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El Paso County changing perception against taxes

Voters approve 12 of 14 financial requests

Is El Paso County losing its antitax...

EL PASO COUNTY, Colo. - What's happening in El Paso County?

Election Day results show the county's long-held perception of being a strong anti-tax community appears to be changing.

Voters approved 12 of 14 requests for tax increases, fees or keeping tax revenue surpluses.

So why are voters more willing to open their wallets or purses?

Nancy Nicholson, who just moved to Colorado Springs from Pueblo, offered a theory.

"I feel the city needs it," she said.  You can just drive around and see that."

If the trend is changing, Jonathan Reilly hopes it's here to stay.

"I vote for everything," he said.  "It's not because I'm progressive.  It's because Colorado Springs is a regressive town.  The leaders haven't been forward-thinking, and I hope that's changing."

Even Robert Hodek, who voted against a stormwater fee passed by voters, has a different attitude.

"We should all pitch in and do what needs to be done," he said.

The apparent trend began two years ago when John Suthers campaigned for and won the mayor's office, successfully pushing for a sales tax increase to finance a five-year expanded paving project and reduce the number of potholes.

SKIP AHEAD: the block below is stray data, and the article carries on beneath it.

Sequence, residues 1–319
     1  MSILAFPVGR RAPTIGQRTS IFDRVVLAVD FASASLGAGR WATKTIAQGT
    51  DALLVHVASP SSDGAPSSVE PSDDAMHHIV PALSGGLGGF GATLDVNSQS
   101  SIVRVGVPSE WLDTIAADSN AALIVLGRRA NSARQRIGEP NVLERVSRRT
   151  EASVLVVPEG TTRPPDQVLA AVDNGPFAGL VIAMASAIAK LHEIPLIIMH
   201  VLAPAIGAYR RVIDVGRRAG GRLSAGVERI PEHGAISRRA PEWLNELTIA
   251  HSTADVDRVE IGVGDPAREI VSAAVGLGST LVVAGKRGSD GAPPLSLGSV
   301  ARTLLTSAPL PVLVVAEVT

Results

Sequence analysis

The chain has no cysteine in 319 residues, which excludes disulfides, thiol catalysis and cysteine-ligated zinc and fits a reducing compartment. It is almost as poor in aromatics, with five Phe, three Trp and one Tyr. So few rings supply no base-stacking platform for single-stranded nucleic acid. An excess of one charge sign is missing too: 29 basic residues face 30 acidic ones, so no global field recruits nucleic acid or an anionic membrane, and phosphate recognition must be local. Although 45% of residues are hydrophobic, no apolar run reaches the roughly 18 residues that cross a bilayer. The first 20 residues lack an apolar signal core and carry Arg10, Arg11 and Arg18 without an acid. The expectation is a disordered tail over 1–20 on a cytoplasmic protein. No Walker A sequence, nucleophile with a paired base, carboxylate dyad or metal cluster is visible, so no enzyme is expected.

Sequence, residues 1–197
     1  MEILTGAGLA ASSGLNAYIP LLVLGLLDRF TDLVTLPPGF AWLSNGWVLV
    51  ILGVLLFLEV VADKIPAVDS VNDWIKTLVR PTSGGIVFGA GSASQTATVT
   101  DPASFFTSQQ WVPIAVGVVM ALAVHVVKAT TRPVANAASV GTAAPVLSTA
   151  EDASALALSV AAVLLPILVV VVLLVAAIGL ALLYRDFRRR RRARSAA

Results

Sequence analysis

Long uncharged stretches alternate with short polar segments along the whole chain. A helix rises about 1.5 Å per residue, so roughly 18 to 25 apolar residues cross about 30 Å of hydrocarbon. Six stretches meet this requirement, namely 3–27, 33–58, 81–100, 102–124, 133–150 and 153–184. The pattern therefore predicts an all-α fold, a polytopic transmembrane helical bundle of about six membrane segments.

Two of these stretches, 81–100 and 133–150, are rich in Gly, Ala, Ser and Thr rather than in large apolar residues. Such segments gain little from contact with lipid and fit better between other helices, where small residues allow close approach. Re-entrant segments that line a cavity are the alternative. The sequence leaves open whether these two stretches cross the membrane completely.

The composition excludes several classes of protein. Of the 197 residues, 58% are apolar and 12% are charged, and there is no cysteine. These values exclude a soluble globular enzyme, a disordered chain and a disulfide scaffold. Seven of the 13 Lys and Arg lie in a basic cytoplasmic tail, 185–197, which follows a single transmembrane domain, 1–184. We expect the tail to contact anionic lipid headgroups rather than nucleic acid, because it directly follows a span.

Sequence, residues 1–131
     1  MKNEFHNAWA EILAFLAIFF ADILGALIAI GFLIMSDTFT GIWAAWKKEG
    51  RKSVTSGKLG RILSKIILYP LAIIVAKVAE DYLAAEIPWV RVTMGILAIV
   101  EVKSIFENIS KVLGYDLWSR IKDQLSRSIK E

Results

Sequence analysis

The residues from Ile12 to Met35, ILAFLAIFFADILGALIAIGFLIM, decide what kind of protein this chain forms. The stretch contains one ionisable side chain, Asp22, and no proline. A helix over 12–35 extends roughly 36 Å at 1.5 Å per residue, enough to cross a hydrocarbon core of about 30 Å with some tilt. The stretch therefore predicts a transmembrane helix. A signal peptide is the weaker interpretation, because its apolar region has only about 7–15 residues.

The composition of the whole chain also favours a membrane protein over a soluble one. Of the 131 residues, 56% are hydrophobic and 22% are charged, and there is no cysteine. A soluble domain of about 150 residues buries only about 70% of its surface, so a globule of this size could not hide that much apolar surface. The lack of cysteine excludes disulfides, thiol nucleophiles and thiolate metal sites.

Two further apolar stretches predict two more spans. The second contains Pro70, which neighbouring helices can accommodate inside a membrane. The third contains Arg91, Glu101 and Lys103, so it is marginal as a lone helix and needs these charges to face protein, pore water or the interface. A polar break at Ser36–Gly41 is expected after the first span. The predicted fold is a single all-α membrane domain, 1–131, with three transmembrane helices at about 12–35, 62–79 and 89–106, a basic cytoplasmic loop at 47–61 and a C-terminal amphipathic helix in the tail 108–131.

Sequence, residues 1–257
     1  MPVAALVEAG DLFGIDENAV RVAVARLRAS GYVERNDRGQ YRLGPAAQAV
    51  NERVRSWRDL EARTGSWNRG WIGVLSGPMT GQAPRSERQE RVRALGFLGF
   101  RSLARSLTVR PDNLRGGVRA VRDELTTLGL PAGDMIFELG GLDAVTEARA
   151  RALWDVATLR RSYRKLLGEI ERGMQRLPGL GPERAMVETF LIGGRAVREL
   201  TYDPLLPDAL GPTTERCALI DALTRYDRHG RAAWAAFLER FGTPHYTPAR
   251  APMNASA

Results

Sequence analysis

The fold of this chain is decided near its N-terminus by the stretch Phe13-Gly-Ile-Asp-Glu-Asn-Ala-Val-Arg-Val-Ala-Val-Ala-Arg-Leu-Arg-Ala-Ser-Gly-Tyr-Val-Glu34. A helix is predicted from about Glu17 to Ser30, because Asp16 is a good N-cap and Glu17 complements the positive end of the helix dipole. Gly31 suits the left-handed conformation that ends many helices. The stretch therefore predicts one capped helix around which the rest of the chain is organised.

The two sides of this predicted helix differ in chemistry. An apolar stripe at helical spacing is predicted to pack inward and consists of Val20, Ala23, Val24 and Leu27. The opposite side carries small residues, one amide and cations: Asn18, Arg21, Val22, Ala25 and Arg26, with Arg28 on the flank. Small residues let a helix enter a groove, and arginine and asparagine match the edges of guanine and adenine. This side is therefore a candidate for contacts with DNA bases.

"What I see happening is people are moving here from other places and are shocked that we don't have a stormwater fee," he said during a news conference Thursday.  "I think we did what we had to do.  We told people we needed money, we told them how it would be used and we were ready to explain it in detail.  You always wonder if the timing is right, but in this case, circumstances dictated our actions."

But Josh Dunn, a political science professor at the University of Colorado-Colorado Springs, downplayed the apparent trend.

"Certainly, there's that anti-tax element in the community," he said.  "TABOR, the Taxpayers' Bill of Rights that went statewide, was created here.  The anti-tax perception isn't totally undeserved, but I think it has been overstated.  I don't think voters need to worry about an increase in ballot questions asking for more money."

In Pueblo County, voters passed two of four financial questions on the ballot.

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